Should parents be allowed to bring children to the office?
Many organizations now allow new parents to bring their babies into the workplace, supporters of this trend cite it as the most progressive healthy maternity policies to date.
Tony Avelar/The Christian Science Monitor
A growing office trend that allows parents to bring their newborns to work expanded recently with a new policy at two Washington state agencies.
The Washington state Department of Health and the Washington Traffic Safety Commission are allowing parents to bring their babies to work until they turn six months old, following the enactment of a new “Infant-at-Work” policy.
Communications consultant for Washington Traffic Safety Commission Erica Stineman says the arrangement has been ideal for her so far. Stineman brings her four-month-old daughter, Lydia, into the office three days a week. "It was really exciting to know that I wasn't going to have to be bringing her to day care after eight weeks of being on maternity leave," Stineman told ABC News. "Having this extra time with her just meant the world to me."
While many companies have set up child care facilities at work for many years now, bringing a baby into the office is an emerging trend that raises concerns about employee productivity and distractions for colleagues.
However, companies that allow babies in the office cite many benefits.
“In a lot of ways it’s helped productivity,” Chris Madill, the Washington Traffic Safety Commission deputy director said. “Morale is high and it’s been a good thing for our office.”
While this trend is mainly geared towards parental well-being and critical bonding between mother and infant, companies cite mutual benefits for the employer and employee.
The Washington state Department of Health said, “the agency expects the Infant-at-Work policy to help increase employee morale, lower turnover costs due to higher retention rates, and reduce overall health care costs for babies due to easy-access breastfeeding.”
The Nevada State Health Division first piloted their “bring your infant to work” in 2009 and reaped benefits from the program, including, “greater employer appreciation and loyalty, lower healthcare costs, higher breastfeeding rates, and families reporting greater financial stability.”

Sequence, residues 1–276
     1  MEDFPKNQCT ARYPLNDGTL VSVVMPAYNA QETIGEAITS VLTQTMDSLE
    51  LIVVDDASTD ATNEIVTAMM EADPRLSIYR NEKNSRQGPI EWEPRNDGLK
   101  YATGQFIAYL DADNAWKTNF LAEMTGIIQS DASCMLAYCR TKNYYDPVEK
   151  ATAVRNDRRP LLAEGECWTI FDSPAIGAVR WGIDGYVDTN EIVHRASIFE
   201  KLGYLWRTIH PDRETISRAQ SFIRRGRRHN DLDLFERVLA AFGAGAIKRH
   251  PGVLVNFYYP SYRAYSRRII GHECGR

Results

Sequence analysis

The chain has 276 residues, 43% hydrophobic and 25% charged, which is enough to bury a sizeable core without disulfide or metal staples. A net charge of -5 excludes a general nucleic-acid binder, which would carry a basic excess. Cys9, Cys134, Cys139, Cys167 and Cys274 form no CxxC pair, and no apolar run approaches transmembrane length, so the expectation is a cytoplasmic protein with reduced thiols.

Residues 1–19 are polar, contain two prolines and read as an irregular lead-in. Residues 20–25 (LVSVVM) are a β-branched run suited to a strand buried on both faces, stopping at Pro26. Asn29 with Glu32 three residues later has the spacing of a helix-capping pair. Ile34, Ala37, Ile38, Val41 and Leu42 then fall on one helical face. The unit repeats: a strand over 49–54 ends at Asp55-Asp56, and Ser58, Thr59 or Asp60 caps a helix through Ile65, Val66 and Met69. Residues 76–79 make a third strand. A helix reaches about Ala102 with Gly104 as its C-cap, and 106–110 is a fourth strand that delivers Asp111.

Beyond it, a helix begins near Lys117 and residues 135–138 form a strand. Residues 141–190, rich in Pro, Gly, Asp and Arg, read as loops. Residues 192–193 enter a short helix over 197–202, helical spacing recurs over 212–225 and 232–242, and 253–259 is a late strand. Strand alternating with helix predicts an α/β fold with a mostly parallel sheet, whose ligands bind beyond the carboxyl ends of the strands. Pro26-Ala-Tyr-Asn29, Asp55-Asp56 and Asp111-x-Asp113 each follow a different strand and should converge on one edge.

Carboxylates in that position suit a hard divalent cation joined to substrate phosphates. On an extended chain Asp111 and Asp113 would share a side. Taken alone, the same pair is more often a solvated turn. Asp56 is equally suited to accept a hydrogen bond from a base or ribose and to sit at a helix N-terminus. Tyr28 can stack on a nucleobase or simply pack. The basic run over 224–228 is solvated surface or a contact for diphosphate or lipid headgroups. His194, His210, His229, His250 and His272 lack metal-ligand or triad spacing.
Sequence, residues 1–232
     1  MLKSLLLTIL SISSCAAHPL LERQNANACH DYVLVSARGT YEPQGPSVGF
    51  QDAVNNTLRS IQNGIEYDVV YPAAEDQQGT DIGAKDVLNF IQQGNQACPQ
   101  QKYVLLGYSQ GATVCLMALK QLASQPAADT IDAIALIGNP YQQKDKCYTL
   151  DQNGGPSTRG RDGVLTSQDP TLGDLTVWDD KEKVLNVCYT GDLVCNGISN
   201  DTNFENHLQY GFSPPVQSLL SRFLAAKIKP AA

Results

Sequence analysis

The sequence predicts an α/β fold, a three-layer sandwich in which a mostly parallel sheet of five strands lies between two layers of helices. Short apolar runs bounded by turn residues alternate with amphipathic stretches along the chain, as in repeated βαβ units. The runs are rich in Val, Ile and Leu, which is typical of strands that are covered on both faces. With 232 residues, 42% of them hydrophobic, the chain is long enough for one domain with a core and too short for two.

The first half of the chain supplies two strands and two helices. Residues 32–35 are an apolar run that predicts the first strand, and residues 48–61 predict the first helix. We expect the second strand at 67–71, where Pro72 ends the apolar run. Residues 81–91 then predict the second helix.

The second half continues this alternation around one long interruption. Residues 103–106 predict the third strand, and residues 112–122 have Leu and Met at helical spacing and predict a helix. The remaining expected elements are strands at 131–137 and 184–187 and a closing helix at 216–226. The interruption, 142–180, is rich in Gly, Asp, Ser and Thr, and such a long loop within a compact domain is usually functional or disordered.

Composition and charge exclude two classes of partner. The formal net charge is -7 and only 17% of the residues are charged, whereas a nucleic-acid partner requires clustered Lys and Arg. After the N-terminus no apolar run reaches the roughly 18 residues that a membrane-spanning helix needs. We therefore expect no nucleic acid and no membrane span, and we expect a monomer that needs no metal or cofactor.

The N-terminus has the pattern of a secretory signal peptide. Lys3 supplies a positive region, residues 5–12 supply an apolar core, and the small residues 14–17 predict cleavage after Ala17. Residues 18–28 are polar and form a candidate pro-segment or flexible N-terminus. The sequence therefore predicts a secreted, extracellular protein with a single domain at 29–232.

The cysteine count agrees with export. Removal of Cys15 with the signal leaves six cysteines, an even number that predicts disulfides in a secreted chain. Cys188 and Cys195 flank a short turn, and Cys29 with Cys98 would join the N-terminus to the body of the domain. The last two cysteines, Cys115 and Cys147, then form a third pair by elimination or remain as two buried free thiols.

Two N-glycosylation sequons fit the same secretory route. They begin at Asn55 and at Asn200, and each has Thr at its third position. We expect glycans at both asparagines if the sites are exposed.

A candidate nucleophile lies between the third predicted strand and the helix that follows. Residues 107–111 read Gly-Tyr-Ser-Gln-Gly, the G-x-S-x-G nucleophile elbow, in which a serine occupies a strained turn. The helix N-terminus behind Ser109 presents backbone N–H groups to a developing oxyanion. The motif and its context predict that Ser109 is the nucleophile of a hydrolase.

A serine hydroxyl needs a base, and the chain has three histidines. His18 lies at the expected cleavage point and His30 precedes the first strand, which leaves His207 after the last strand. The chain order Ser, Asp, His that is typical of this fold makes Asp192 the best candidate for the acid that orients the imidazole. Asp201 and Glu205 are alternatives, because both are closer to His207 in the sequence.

But how practical is bringing a baby to the office? “After the initial novelty wears off, babies become a fixture in the office and are not seen as a distraction," The Association of State and Territorial Health Officials observed in its research on Nevada’s program.
About 200 organizations and companies in the United States now have “infant at work” policy, according to the Parenting in the Workplace Institute.
Child care has emerged as an important issue for both employers and employees in recent decades. A study by the US Department of Labor observed that, during that period,
"America has become a society in which everyone is expected to work – including women with young children. But many of society's institutions were designed during an era of male breadwinners and female homemakers. What is needed is a … reform of the institutions and policies that govern the workplace to ensure that women can participate fully in the economy and that men and women have the time and resources to invest in their children."
According American Health Public Association says 45 percent of the workforce is female, but 22 percent of women don’t return to work after their first baby is born.
The program attempts to address the current workplace mismatch by allowing for an easier transition back into work for the mother, according to the association.